in performance: al green

al green

al green

You know the Rev. Al Green was at home in Kentucky when the first sound out of his mouth at a profoundly soulful Halloween Eve concert at Danville’s Norton Center for the Arts was a hearty “yee-haw.”

Don’t be fooled, though. Green may have been a welcome and versed Kentucky guest, having played his Norton Center debut two autumns earlier. But his music remained drenched in the sounds of ‘70s Memphis soul.

Backed by a 13 member band that included two dancers, a trio of backup singers made up of the singer’s daughters and a wildly efficient horn section, Green matched the gospel authority that drives his offstage life (he claimed, at one point, his order of job priorities were “preaching, sweating and singing”) with a soul conviction that has not diminished a whit over the past 40 years.

The popular falsetto squeal that has long been a trademark of Green’s music – and, in recent years, an improper critical measuring stick of his artistic validity – was employed devoutly but sparingly. A better indicator of his vocal prowess was an ability to stand three and four feet from the microphone, forcing his band to settle its orchestral charge, and sing with startling clarity. That was the set up for Let’s Get Married, but Green returned to the vocal setting repeatedly during the show.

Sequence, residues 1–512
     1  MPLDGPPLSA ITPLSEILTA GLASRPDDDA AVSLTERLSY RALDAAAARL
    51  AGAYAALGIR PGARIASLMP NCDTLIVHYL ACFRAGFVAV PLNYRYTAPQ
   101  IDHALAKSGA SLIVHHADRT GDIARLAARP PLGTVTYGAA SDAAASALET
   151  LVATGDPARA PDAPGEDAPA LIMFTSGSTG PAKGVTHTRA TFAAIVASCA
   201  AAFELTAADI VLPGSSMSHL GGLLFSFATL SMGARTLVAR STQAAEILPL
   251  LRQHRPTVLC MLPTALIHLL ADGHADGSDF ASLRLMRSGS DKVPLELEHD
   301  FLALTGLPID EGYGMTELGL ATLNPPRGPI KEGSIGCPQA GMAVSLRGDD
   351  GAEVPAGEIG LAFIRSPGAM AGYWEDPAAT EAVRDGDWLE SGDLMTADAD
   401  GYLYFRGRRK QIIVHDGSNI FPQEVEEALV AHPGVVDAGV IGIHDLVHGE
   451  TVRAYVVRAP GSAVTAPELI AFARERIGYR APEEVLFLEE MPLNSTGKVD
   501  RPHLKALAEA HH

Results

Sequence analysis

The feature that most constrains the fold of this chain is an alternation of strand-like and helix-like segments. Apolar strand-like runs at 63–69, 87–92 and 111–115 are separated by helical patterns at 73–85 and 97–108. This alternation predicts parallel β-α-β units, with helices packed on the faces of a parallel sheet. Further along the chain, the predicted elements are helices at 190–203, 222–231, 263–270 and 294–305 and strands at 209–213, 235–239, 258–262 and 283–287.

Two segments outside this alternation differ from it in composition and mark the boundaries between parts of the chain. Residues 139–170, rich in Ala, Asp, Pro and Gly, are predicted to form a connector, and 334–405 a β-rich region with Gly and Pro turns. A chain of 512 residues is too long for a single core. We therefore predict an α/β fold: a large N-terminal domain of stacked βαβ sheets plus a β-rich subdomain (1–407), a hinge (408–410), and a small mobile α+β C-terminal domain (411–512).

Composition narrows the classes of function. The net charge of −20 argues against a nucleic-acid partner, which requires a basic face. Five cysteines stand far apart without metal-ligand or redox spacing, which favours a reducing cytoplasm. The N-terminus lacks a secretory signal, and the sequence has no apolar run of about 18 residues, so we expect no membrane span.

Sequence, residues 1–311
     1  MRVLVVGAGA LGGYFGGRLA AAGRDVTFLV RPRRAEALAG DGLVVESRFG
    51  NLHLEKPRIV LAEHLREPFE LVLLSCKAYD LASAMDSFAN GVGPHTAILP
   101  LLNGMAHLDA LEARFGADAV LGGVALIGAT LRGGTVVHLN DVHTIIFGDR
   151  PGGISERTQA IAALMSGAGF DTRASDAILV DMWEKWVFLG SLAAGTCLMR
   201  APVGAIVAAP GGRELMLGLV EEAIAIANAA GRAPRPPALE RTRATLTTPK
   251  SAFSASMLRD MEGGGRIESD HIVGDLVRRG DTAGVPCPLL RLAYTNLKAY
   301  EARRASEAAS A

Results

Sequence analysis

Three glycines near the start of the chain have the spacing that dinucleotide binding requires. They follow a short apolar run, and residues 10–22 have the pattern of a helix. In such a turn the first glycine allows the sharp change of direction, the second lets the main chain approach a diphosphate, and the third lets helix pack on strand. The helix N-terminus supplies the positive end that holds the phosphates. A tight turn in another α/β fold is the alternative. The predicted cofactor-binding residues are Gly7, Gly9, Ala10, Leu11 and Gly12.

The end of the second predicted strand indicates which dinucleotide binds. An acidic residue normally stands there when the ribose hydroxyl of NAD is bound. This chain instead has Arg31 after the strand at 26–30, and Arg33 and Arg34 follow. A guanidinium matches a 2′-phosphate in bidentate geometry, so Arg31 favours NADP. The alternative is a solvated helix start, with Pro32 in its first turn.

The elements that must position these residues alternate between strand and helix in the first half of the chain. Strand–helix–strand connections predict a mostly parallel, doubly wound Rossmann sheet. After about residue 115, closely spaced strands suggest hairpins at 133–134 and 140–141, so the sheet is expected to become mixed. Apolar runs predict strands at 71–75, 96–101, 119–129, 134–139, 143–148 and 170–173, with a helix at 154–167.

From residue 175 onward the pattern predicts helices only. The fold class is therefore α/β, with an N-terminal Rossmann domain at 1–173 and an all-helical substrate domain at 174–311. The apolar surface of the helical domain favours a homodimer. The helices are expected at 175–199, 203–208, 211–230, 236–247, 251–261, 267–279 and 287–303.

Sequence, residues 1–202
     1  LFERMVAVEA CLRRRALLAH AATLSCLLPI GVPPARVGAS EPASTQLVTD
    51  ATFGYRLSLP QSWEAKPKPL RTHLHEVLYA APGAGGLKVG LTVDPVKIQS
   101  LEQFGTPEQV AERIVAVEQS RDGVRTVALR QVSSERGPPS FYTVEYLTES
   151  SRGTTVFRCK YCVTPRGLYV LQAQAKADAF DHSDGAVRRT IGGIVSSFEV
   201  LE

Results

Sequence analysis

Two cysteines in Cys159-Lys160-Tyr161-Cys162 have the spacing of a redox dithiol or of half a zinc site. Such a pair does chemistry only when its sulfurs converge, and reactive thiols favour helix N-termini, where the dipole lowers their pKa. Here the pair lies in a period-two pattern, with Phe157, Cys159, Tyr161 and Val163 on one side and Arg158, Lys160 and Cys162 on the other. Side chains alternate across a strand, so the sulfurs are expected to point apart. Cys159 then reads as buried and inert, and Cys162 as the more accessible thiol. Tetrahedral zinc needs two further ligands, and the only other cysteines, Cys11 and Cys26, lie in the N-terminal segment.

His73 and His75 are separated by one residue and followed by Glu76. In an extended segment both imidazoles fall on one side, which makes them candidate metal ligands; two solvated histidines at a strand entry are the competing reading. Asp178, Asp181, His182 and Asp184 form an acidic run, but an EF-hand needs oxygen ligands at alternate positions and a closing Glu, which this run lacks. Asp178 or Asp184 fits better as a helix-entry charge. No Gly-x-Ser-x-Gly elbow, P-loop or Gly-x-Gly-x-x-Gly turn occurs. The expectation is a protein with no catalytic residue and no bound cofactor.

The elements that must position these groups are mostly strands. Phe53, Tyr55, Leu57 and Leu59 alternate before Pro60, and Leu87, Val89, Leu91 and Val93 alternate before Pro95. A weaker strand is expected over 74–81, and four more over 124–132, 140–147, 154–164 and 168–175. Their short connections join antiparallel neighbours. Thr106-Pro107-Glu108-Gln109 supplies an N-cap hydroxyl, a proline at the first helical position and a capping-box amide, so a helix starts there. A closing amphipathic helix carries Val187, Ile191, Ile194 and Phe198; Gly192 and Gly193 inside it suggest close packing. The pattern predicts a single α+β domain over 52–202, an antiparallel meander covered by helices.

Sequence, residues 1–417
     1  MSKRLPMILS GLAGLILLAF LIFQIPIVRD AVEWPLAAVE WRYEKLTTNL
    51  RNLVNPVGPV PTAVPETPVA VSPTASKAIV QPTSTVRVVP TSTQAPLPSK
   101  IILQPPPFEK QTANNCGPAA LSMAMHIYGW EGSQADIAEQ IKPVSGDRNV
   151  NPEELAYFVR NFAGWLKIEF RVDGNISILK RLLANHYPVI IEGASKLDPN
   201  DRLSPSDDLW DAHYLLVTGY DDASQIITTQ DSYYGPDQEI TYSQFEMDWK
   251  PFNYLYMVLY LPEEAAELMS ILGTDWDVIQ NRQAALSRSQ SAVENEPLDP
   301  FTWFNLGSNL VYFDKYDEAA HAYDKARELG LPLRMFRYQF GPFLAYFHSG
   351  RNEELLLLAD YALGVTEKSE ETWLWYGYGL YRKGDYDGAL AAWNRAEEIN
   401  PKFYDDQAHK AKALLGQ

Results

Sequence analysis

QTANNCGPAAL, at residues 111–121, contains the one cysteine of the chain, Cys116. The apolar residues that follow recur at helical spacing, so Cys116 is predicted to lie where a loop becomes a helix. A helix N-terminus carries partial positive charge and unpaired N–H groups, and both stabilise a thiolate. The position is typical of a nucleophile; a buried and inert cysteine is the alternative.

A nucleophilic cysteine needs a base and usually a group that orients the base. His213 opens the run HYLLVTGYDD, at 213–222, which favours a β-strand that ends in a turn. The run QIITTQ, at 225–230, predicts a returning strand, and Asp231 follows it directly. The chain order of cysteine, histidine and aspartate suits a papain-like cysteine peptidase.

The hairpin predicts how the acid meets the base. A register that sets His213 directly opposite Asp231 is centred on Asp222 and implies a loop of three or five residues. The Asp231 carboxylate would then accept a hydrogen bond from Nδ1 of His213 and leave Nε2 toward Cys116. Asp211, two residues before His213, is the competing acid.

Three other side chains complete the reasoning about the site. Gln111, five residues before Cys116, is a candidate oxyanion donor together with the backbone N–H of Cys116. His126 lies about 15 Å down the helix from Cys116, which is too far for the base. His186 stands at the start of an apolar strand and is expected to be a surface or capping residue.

While the crowd was brought to its feet several times by established hits like Let’s Stay Together (a soul affirmation that remained nothing short of euphoric) and Tired of Being Alone, the set was equally powerful when Green played things cool for the gospel medley of Amazing Grace and Nearer My God to Thee, his studiously righteous reading of the Bee Gees hit How Can You Mend a Broken Heart and the sublimely reserved Simply Beautiful. The latter was one of the four tunes offered from 1972’s I’m Still in Love with You album.

Of course, that didn’t mean the good Rev couldn’t cook up a party. The finale version of Love and Happiness (also from I’m Still in Love With You) was all churning, relentless funk taken at a far more turbulent pace than its recorded version. The vocal intent may have reflected Sunday morning, but the performance urgency screamed Saturday night.



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